During her two weeks of isolation in Tokyo Lansqiuot wasn’t allowed to train with the main British contingent and only allowed to meet up with the ‘main’ team if it was for relay practice.

The 23-year-old bursts into laughter when she describes how they had a WhatsApp group called “quaranteam”, where the isolated six sent memes to each other to help get everyone in good spirits during the period.

Fortunately for Lansiquot, the relays were towards the latter end of the championships so she had the adequate time to mentally, emotionally and physically prepare to take to the track in Tokyo.

During that time, Dina Asher-Smith failed to reach the 100m final and subsequently pulled out the 200m, after having ruptured her hamstring in Manchester a few weeks earlier at the Olympic Trials.

Daryll Neita meanwhile reached her first ever Olympic 100m final and while she only finished eighth, she had clocked 10.96 in the heats to go sub-11 for the first time in her career.

As Lansiquot joined up with the rest of the GB squad at the Olympic village, it was safe to say emotions were flying going into the relays.

“It was really hard watching Dina’s interview as you want to be a supportive team-mate,” Lansiquot says. “We didn’t know the full situation about her injury and we didn’t want to step on any toes in terms of practice. She’s a fighter and she’ll turn up if she can. She’s one of those people who will never pull out if she didn’t want to.”

“It was more so mental as you empathise with that situation. When we were doing our last practice before going out and doing the heat, I didn’t want her [Dina] to feel like she had to overcompensate. I wanted her to feel confident and happy around us and we wanted to be a team.

“In my heart we were going for gold and we knew it was going to be tough because Jamaica were in such incredible shape, having gone 1-2-3 in the individual 100m, so we knew we could get silver. I was so delighted to come away with a medal but our changeovers were not good in the moment.”

Imani-Lara Lansiquot celebrates a GB 4x100m national record (Getty)

The relay team of Lansiquot, Asher-Smith, Neita and Asha Philip raced through their heats as the quartet set a national record of 41.55.

Jamaica, with Elaine Thompson-Herah, Shelly-Ann Fraser-Pryce, Shericka Jackson and Briana Williams, were too good in the final, as they themselves set a national record of their own with 41.02, the third quickest time in history.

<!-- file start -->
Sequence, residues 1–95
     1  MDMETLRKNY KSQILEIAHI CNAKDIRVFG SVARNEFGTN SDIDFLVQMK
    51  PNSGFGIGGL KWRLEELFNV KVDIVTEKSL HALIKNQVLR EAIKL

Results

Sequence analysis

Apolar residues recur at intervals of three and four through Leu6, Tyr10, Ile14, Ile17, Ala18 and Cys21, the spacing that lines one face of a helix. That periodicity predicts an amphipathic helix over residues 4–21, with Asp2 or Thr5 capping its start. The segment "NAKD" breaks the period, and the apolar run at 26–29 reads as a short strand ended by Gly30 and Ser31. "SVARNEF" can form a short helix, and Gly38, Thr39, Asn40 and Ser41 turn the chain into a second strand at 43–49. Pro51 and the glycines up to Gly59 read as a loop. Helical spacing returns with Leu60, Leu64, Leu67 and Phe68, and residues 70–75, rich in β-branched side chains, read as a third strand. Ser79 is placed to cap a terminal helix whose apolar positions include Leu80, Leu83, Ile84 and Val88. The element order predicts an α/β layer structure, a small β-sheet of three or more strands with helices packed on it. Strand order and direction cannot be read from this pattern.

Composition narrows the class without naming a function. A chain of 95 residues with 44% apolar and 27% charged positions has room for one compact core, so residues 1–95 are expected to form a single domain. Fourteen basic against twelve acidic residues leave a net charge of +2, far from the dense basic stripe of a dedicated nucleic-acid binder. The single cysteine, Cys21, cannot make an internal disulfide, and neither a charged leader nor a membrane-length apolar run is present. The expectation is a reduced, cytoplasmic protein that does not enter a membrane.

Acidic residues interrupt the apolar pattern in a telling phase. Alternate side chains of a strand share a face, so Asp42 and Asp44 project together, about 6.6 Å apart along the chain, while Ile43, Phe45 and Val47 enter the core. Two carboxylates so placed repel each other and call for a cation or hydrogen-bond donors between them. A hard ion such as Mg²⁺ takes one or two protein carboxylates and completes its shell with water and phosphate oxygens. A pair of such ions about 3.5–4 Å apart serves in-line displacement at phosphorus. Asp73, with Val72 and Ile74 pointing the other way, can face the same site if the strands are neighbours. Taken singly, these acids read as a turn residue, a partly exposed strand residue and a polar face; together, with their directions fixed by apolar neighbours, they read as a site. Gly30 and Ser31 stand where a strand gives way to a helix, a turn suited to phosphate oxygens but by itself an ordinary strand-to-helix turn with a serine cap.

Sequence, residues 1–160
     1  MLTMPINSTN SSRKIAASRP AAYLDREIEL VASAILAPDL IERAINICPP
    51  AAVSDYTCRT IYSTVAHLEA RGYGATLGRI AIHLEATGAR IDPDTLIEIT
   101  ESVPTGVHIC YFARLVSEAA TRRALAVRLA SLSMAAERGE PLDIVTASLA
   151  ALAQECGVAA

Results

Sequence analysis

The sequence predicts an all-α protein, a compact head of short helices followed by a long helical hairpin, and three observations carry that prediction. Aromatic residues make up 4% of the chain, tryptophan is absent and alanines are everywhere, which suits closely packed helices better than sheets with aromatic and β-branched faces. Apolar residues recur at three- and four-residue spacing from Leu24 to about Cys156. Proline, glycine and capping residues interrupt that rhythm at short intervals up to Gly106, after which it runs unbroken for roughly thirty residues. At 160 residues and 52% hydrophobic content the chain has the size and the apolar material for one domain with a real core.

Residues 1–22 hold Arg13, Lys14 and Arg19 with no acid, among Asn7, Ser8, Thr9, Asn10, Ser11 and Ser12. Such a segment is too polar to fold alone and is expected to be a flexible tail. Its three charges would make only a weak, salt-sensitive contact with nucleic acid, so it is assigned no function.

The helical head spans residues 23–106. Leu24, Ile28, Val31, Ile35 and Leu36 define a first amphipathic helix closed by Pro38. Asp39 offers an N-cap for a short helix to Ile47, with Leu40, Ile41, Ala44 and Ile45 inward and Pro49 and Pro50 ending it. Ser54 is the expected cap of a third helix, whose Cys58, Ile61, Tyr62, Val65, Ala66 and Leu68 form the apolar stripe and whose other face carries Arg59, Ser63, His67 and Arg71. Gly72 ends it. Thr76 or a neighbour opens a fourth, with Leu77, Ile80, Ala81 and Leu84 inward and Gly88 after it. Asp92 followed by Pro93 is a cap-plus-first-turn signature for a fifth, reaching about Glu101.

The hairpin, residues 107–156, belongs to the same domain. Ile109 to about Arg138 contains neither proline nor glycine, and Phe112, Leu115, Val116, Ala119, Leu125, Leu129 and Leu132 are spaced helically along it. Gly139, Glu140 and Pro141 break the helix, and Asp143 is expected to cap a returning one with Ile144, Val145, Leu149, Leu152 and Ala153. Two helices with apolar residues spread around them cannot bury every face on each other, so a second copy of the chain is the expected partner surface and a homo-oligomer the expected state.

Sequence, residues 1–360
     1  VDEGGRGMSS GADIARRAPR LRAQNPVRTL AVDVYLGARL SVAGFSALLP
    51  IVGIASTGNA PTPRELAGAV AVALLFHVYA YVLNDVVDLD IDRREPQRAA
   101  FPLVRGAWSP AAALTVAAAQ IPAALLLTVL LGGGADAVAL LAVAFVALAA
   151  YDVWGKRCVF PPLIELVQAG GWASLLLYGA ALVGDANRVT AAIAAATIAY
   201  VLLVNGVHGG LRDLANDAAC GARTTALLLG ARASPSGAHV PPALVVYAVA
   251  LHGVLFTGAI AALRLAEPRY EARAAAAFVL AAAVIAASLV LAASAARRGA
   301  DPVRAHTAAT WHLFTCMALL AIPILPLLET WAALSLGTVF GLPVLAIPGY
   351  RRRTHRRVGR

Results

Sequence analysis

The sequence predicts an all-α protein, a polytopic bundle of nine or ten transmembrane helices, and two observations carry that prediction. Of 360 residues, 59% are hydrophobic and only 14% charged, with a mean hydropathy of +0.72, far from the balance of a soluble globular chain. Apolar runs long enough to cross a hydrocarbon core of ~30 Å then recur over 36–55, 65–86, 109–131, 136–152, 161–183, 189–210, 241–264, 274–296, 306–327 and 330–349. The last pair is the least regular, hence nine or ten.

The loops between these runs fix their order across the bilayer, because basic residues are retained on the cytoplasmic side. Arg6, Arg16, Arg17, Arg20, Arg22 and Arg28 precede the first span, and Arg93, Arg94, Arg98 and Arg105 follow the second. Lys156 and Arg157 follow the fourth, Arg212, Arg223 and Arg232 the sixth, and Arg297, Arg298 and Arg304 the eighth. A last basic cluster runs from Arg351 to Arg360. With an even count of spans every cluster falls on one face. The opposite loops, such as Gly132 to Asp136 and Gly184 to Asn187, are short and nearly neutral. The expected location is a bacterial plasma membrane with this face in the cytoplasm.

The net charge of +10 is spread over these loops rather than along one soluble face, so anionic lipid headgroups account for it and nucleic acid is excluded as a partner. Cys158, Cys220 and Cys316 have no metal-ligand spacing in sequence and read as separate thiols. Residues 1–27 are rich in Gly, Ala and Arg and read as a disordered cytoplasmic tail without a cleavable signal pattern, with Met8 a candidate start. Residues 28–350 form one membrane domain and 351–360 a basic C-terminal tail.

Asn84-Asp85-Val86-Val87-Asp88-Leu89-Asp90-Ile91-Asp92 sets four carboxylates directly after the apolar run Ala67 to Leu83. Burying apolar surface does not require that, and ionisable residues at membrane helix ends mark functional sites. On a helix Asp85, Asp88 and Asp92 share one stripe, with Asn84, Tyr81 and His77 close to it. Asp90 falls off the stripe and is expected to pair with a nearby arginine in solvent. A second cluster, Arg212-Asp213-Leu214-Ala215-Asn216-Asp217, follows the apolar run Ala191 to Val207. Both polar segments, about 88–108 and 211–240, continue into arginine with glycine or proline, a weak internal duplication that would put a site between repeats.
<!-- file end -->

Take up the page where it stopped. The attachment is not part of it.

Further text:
Lansiquot respectfully adds that while Jamaica were too strong, silver was the realistic aim and so it proved to be, with the GB quartet falling less than four tenths behind the US in the final, clocking 41.88 to the States’ 41.45.

Now in the off-season, the 23-year-old is reflective and can appreciate the bronze medal.

“When you’re in that moment you’re not thinking it’s the Olympics, you just want to get across that finish line first, the same way if I was in a Diamond League or even a sports day,” she says. “You just want to win. It didn’t really sink in for me until I was on holiday and I realised that I had an Olympic medal, this momentous thing in our sport and it’s never going to lose value.

“Testament to us, how much confidence and trust we had as a team, I’m not sure many teams could’ve come back from those changeovers so the fact we got the medal with a less than brilliant technical race shows what we can do in the future. ”

Imani-Lara Lansiquot with her Olympic bronze medal (Getty)

Now Lansiquot looks ahead to 2022 and the myriad of opportunities that present themselves. With world indoor and outdoor championships and a European and Commonwealth Games, medal chances could be plentiful.

The next stage is to do it individually.

“Every athlete has a feeling of how good they can actually be and I really see myself individually pushing myself to be one of the best in the world,” adds Lansiquot, whose personal best in the 100m is 11.09, ranking her fifth on the UK all-time list.

“I know it’s a long journey and I’ve got a lot of respect for that journey but I’ve got a lot to learn and I believe I can make it. Top five, top three in the world is where I really want to see myself going to and times will come with that.”